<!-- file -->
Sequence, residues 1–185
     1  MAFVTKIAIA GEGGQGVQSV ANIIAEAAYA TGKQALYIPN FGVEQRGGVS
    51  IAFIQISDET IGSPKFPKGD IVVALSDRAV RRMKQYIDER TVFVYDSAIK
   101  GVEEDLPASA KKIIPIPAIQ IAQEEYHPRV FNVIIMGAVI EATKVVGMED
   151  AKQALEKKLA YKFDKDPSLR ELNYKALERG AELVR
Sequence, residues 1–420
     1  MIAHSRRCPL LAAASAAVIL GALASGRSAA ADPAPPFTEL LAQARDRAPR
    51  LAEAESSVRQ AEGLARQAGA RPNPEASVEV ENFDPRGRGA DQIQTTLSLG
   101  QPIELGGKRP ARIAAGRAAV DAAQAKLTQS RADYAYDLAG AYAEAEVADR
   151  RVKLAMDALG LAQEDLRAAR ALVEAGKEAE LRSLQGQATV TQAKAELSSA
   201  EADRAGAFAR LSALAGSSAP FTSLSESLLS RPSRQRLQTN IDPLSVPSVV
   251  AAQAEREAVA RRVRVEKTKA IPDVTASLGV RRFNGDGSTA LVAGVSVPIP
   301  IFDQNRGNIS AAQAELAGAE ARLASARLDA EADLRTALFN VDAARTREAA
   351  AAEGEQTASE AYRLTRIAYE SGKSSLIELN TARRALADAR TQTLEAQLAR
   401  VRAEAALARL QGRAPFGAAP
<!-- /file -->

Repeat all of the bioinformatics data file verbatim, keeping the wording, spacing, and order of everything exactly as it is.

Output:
Sequence, residues 1–185
     1  MAFVTKIAIA GEGGQGVQSV ANIIAEAAYA TGKQALYIPN FGVEQRGGVS
    51  IAFIQISDET IGSPKFPKGD IVVALSDRAV RRMKQYIDER TVFVYDSAIK
   101  GVEEDLPASA KKIIPIPAIQ IAQEEYHPRV FNVIIMGAVI EATKVVGMED
   151  AKQALEKKLA YKFDKDPSLR ELNYKALERG AELVR
Sequence, residues 1–420
     1  MIAHSRRCPL LAAASAAVIL GALASGRSAA ADPAPPFTEL LAQARDRAPR
    51  LAEAESSVRQ AEGLARQAGA RPNPEASVEV ENFDPRGRGA DQIQTTLSLG
   101  QPIELGGKRP ARIAAGRAAV DAAQAKLTQS RADYAYDLAG AYAEAEVADR
   151  RVKLAMDALG LAQEDLRAAR ALVEAGKEAE LRSLQGQATV TQAKAELSSA
   201  EADRAGAFAR LSALAGSSAP FTSLSESLLS RPSRQRLQTN IDPLSVPSVV
   251  AAQAEREAVA RRVRVEKTKA IPDVTASLGV RRFNGDGSTA LVAGVSVPIP
   301  IFDQNRGNIS AAQAELAGAE ARLASARLDA EADLRTALFN VDAARTREAA
   351  AAEGEQTASE AYRLTRIAYE SGKSSLIELN TARRALADAR TQTLEAQLAR
   401  VRAEAALARL QGRAPFGAAP